The second annual Mooz Akinonmaaget Maa Aki Moose Hunt initiative kicked off in Sudbury in June and wrapped up Friday afternoon.
This is a mentorship program that aims to build positive relationships between Aboriginal youth and the Greater Sudbury Police Service.
Throughout the summer, the young people learned all about traditional Anishnawbek values through the teachings of the seven grandfathers, they had the opportunity to participate in a moose hunt as well as other activities. .
“The idea is to give them knowledge and I hope that helps them see that they can do whatever they think and empower them to realize that the unfortunate situation they are in right now will not be not eternal,” said Const. Darrell Rivers, Native Liaison Officer.
The program is a partnership with Niijaansinaanik Child and Family Services, Nogdawindamin Family & Community Services, Kina Gbehzgomi Child and Family Services, Children’s Aid Society, Shkagamik-Kwe Health Center and the Ministry of Natural Resources and Forestry, to name a few. some.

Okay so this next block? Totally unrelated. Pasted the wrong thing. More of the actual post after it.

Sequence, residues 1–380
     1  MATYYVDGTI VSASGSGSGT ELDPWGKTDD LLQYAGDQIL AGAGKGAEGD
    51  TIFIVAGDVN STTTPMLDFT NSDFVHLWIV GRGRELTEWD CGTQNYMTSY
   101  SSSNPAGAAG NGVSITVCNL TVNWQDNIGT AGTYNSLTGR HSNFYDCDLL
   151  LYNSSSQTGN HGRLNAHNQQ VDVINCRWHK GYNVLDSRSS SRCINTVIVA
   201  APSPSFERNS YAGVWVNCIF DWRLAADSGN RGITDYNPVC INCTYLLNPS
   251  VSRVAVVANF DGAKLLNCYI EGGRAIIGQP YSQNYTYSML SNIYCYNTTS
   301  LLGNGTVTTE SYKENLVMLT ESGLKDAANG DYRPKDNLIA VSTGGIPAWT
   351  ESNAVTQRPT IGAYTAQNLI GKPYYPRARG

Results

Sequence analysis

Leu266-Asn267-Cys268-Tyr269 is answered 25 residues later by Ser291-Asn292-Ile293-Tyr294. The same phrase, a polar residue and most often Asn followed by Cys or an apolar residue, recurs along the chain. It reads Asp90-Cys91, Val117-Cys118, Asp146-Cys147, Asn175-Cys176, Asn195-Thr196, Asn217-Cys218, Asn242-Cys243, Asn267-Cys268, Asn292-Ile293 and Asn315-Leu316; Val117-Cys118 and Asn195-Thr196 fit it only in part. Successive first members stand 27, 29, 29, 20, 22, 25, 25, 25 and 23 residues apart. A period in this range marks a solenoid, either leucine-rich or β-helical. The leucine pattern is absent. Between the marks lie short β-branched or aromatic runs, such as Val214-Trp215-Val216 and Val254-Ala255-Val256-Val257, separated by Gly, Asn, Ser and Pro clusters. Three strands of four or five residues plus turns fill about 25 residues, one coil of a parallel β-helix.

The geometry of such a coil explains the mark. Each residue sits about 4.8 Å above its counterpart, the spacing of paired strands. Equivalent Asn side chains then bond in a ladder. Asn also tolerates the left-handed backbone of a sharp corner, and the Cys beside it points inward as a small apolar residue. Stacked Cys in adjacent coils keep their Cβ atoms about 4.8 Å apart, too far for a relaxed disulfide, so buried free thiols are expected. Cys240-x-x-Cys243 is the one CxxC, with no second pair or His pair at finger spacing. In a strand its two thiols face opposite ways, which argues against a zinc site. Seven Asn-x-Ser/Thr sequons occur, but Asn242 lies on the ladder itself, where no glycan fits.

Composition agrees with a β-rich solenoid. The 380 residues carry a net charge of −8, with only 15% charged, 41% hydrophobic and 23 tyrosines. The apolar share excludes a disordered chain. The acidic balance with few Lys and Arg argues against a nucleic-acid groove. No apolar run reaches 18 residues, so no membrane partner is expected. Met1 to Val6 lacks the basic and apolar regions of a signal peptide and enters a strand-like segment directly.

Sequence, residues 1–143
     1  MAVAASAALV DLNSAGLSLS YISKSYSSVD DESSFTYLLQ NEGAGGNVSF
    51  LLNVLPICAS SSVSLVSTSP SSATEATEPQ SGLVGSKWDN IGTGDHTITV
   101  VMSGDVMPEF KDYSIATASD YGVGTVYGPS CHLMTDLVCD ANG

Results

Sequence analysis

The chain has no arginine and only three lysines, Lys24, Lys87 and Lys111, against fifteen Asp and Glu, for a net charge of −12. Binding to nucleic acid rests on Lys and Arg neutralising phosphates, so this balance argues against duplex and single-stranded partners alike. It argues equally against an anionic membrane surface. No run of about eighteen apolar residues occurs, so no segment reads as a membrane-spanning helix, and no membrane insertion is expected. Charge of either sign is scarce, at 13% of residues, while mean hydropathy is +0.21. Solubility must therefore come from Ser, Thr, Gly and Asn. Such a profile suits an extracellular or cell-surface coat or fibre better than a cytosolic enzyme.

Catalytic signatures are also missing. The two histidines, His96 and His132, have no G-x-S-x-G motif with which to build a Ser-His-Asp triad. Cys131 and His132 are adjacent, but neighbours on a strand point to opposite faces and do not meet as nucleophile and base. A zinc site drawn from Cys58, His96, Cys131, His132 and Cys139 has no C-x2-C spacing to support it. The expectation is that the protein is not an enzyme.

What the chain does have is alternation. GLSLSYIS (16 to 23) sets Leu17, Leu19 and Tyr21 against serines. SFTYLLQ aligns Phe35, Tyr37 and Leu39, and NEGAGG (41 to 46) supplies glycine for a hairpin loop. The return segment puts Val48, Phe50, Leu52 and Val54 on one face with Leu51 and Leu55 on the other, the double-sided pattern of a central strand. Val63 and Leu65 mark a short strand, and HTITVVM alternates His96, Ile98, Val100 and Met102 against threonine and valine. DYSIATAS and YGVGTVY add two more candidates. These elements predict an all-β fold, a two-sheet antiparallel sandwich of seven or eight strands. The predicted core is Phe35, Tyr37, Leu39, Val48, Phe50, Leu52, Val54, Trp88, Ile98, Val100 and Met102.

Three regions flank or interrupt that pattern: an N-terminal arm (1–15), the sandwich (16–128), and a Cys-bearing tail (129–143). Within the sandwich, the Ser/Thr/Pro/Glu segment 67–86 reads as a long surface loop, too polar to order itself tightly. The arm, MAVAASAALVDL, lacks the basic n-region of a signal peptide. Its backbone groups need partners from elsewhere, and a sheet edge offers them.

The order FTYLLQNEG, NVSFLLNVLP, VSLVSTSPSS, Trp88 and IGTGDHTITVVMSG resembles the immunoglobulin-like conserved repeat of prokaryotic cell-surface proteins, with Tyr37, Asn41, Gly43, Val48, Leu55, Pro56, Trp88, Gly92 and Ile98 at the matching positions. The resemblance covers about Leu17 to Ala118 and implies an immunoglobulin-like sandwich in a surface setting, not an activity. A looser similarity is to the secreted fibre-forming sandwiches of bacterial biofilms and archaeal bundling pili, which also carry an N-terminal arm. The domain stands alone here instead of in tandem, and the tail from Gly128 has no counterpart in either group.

Eight young people from child protection agencies participated.
Some of the people told CTV News they learned a lot and had better relationships with local police officers.
“It was pretty good being part of the moose hunting program. I had many opportunities. When I was little, I never really had the opportunity to practice my culture; but it’s good that the children in care have the opportunity to practice it,” said Brandon, one of the participants.
“I realized that not all cops are bad. Before, I didn’t have a good opinion of them, but now that I have had the opportunity to learn more about them.
Greater Sudbury Police said they hope to make it an annual event for years to come.